Note: Where available, the PDF/Word icon below is provided to view the complete and fully formatted document
 Download Current HansardDownload Current Hansard    View Or Save XMLView/Save XML

Previous Fragment    Next Fragment
Monday, 26 November 2018
Page: 11445


Mr BRIAN MITCHELL (Lyons) (19:30): It is with great pleasure that I rise to offer my sincerest congratulations to the Victorian Labor team: Daniel Andrews, his colleagues, the Labor Party supporters and, indeed, the army of volunteers. It wasn't entirely surprising to see that the Andrews government was re-elected. It has been a government that has demonstrated good governance in Victoria, and its strong, progressive and positive campaign platform was inspiring to those of us across Bass Strait. Watching Daniel Andrews' victory, as well as the annihilation of the Victorian Liberals, made for a rewarding Saturday. Indeed, it was made only more rewarding by the fact that the very next day the Australian women's Twenty20 cricket team beat the Poms, so it was a very good weekend indeed!

Daniel Andrews and his team have vision. They focus on positive policies and service delivery. They tell the truth. They put people first. That is not just a slogan; it's a pledge. To steal a reference from the new member for Wentworth's speech this morning, Victorian Labor's approach to government is human centred. It puts people first. It puts people at the centre of everything they do. Government should, after all, bring people together, not drive them apart.

However, the Victorian Liberals, just like their national counterparts in this parliament, were focused on fear and on hate. They encouraged exclusion and the entrenchment of poverty and vulnerability. Their campaign was wholly negative. Too much energy was spent focusing on the Labor Party and not enough on how they intended to improve the lives of Victorians. Victorians saw right through those tactics. They were too clever to fall for what are now very well worn tricks, and they voted instead in support of Labor and positive policies that improve lives.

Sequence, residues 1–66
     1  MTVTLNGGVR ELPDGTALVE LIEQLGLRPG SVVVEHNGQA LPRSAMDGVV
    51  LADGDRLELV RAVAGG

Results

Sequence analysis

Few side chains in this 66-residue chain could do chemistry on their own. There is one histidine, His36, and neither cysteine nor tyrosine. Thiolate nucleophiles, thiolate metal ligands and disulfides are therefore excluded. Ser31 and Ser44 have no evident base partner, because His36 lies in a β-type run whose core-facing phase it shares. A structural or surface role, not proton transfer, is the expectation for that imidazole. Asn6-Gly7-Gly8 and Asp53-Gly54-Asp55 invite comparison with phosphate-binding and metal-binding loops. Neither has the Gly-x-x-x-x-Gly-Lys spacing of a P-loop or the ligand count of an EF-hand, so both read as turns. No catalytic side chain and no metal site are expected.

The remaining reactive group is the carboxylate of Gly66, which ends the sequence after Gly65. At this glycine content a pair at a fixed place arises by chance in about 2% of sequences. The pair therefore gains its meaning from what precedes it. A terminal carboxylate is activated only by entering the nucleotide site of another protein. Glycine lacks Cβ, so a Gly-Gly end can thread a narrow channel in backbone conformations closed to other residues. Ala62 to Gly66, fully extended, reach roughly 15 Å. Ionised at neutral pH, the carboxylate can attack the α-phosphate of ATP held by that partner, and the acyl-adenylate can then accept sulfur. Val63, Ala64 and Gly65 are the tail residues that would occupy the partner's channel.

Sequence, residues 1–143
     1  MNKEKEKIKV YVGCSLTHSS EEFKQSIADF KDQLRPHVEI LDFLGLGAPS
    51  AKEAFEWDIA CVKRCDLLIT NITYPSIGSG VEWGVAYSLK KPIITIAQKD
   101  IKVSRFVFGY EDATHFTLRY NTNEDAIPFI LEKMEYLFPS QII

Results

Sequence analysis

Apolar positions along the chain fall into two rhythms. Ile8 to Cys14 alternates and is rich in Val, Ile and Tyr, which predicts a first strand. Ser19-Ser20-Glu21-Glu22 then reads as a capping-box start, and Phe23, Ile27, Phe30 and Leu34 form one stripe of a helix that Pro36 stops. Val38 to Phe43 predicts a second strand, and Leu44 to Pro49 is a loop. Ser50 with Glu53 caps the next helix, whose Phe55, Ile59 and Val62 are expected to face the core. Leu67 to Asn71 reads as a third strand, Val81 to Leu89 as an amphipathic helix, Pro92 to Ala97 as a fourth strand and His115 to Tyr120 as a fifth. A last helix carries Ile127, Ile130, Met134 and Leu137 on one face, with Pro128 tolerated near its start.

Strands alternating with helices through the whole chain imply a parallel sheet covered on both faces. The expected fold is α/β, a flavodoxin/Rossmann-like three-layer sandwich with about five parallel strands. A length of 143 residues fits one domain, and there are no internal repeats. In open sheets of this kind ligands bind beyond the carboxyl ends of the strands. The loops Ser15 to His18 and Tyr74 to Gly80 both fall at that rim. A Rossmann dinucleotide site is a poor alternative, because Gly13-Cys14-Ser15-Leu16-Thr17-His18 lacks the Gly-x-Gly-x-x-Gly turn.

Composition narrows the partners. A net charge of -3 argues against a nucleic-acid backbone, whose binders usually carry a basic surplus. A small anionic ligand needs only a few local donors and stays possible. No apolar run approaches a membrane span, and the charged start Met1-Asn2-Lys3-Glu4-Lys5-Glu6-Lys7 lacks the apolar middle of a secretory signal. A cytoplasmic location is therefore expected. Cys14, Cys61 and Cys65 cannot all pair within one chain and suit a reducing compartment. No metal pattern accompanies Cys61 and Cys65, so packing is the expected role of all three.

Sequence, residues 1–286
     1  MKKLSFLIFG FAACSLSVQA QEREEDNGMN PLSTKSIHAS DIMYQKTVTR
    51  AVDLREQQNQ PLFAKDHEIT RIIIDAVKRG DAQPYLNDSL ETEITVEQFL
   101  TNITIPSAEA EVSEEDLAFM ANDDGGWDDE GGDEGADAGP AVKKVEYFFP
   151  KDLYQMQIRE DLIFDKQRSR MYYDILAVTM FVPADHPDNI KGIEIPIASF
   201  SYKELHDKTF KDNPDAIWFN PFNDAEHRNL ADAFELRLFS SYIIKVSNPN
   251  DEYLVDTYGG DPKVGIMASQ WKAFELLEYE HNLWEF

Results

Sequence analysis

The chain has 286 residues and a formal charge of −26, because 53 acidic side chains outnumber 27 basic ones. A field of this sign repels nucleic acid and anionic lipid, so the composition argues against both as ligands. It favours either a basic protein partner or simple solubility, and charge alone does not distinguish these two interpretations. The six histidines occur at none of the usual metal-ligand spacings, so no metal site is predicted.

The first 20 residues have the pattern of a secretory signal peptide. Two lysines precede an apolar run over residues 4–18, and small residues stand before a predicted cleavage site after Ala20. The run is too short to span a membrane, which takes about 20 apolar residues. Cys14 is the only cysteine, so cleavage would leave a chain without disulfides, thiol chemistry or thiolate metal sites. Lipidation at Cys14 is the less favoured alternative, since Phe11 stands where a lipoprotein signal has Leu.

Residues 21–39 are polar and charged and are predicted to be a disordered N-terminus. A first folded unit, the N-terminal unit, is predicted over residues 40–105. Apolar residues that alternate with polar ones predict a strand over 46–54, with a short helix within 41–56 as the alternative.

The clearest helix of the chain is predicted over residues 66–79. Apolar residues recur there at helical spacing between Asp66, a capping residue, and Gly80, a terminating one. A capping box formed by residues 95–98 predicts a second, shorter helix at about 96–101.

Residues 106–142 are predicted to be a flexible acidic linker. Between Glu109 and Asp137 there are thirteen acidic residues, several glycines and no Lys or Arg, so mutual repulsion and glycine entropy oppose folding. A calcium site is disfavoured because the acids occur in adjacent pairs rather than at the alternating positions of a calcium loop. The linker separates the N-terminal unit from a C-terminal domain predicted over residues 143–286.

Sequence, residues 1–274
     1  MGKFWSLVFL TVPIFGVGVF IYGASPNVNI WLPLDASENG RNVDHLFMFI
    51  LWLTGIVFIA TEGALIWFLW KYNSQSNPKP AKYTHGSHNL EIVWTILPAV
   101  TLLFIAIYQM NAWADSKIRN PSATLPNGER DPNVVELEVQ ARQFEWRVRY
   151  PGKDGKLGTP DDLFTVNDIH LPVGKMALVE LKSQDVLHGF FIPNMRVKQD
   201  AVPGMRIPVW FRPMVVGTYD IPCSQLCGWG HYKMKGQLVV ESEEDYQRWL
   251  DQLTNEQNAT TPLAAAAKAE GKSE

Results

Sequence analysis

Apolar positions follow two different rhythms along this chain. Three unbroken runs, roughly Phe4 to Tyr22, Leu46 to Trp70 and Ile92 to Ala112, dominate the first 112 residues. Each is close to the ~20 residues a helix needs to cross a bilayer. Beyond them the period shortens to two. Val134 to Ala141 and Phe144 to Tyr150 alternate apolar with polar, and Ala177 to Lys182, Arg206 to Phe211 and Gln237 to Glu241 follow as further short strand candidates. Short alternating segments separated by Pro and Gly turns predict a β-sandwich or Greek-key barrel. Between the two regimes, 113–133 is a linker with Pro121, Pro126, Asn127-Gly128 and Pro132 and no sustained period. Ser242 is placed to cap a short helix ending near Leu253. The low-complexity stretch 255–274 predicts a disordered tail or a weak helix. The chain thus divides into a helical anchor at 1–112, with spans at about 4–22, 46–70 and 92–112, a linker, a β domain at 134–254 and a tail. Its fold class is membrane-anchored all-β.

We shouldn't be surprised. The Victorian Liberal Party's actions were almost identical, I'm sorry to say, to those we now see in every state and territory. Across the country, we see a once mighty Liberal Party that is falling apart, victim to its own chaos and dysfunction, too busy inciting hatred and discrimination to actually help people and provide the services people need. This country does best when the two major parties in this country come towards the centre, not deliver issues on the fringes. I would exhort those opposite to get back to the centre, to get back to where people want you to be.

Victorian Labor's priorities were simple. They wanted to prioritise an investment in basic services and visionary infrastructure projects. The $50 billion, 30-year project to build a high-speed suburban rail loop is demonstrative of Daniel Andrews' plans for the state. I was pleased to see this ambitious project was matched by support from the opposition leader in this federal parliament. Victorian Labor also announced $1.5 billion for a new hospital, which will complement the $526 million upgrade to the Frankston Hospital, as well as hundreds of millions of dollars going into hospitals at Morwell and Maryborough. We can talk about how much these things cost, but these are investments in the community and investments in the future. Victorians will see $200 million for 1,000 new public-housing properties, massive public road upgrades worth hundreds of millions of dollars, 100 new schools, free dental care for children in public schools, new parenting centres, and paediatric wings at multiple hospitals. The list of positive, life-affirming and community-changing policies goes on and on.

The reason I raise these things about Victoria is that it is so different in my own state of Tasmania, which has a Liberal state government. It would be reasonable to assume that the state government in Tasmania would be working hand in hand with its federal counterparts, who are of the same political stripe, to deliver similar policies to benefit Tasmanians. But no, we have one of the worst hospitals in the country. We have about 6,000 people on waiting lists. One-in-four Tasmanians will wait outside the clinically recommended times—the worst in the country. Ambulances are ramped every day. In my own electorate, the average GP visit results in out-of-pocket costs exceeding $35 for people on lower incomes. More than 2,000 people are avoiding going to the doctor because they cannot afford it. The country can learn from what happened in Victoria over the weekend: put people first.